Further to my recent post on the above work, I discovered the programme for the first public performance of William Wordsworth’s (1908-1998) Variations on a Scottish Theme, op.72 (1962) in its orchestral guise. This was given on Sunday, 20th March 1966 at the City Hall, Perth. The Perth Symphony Orchestra was conducted by John McLeod. Other works at this concert included Mozart’s Overture: Il Seraglio K.384, Sibelius’s Valse Triste, op.44, and Beethoven’s Piano Concerto No.4 in G major, op.58. The piano soloist was Geoffrey Burford. After the interval, concertgoers heard the present Variations and Haydn’s Symphony in G major, No.88.
The programme note was by John McLeod:
‘William Wordsworth is a great-great-grandson of the poet’s brother Christopher. His music, solidly grounded in tradition, yet extended in a personal and very individual way, owes little to the fashions of the present day, but much to his outstanding teacher, Sir Donald Tovey, with whom he studied from 1934-37. He dedicated the second of his five symphonies  (which won first prize in the Edinburgh Festival Competition in 1950) to Tovey’s memory. Since 1961 he and his family have lived in the Inverness-shire Highlands where these Variations were composed in 1962. They were commissioned for the opening of a new Music Room at Bryanston School in the summer of that year. The rather unusual scoring of the Variations is accounted for by the players who were available in the school orchestra at the invitation concert for which the work was designed. For the first public performance by a larger orchestra available this evening, the composer has suggested some alterations to the scoring. Mr Wordsworth has provided the following note:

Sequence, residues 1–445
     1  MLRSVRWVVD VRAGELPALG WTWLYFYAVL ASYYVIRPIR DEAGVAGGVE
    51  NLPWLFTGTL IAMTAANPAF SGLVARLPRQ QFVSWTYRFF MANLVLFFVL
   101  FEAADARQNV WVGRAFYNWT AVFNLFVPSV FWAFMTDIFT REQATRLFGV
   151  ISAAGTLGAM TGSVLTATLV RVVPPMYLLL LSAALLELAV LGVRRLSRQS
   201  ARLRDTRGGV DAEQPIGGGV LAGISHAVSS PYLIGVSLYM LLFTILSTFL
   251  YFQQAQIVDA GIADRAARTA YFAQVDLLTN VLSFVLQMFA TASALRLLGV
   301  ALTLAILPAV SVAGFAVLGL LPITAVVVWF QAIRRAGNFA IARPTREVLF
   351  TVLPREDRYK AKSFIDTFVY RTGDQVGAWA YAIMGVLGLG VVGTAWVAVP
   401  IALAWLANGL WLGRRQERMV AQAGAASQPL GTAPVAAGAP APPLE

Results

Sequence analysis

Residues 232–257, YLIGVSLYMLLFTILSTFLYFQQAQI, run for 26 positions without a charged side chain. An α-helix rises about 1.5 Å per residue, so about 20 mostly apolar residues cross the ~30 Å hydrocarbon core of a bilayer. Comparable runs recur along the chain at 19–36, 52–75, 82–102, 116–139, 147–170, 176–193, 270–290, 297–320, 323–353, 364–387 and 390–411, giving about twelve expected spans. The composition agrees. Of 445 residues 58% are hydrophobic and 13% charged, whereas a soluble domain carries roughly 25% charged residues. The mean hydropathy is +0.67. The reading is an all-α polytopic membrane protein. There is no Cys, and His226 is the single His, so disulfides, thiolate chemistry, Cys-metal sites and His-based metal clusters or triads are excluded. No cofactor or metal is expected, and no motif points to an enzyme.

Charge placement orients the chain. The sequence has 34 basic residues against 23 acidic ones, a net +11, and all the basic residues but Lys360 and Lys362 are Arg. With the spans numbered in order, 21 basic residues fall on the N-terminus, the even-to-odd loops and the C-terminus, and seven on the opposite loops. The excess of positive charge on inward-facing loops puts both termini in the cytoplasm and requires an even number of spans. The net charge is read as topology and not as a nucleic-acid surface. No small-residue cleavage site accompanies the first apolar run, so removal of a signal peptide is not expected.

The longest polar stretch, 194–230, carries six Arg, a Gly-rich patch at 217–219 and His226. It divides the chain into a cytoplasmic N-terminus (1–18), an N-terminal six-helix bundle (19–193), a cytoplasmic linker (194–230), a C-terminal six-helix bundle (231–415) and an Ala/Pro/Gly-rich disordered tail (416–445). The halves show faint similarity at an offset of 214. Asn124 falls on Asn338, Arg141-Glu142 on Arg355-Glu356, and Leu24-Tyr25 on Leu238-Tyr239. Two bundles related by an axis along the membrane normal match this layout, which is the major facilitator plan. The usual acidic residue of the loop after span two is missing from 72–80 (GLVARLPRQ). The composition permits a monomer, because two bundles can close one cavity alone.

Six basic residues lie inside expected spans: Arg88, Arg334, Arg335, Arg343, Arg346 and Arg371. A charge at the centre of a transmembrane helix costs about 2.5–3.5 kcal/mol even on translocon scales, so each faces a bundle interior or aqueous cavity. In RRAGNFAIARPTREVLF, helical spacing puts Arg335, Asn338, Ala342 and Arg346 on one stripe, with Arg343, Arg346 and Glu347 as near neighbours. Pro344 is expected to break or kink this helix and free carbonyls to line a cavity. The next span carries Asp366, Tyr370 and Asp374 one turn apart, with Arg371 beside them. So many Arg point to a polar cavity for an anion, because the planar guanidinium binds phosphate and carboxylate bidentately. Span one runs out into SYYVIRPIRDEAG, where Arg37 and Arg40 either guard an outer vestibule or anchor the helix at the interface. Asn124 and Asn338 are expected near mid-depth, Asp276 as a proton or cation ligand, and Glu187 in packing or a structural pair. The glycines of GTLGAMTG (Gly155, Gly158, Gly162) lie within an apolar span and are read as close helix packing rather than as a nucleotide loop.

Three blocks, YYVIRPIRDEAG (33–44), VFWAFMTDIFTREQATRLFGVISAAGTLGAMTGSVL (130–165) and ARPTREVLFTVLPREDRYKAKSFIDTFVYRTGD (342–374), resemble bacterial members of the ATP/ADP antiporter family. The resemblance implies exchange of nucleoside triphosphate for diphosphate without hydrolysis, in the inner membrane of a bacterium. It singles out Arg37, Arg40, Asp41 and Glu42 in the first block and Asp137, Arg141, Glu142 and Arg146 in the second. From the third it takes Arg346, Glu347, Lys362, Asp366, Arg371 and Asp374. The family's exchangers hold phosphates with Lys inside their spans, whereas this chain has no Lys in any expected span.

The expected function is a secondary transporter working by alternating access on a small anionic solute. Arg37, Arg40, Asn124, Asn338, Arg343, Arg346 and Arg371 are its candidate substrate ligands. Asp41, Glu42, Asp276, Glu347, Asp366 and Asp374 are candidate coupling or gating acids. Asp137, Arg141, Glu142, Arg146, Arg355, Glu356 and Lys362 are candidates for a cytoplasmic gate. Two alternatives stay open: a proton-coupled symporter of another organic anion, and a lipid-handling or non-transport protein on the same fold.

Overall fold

‘There are nine variations. The first two keep closely to the theme, the third and fourt are more fragmentary. The fifth variation is a lyrical slow movement for the oboe, clarinet and solo cello in turn against a background of strings. The sixth variation returns to the original tempo, but places the theme in the minor while in the seventh variation the outline of the theme is shared by the bassoon and horn, the other instruments decorating it with scalic figures. The eighth variation is slower and again in the minor and features an xylophone. The last variation starts off fugally on the strings and reaches a climax with the re-entry of the first phrase of the theme with which the work ends.’’
. William Wordsworth ultimately composed eight symphonies.
The Perth Symphony Orchestra continues its good work in 2018. Their current conductor is Allan Young.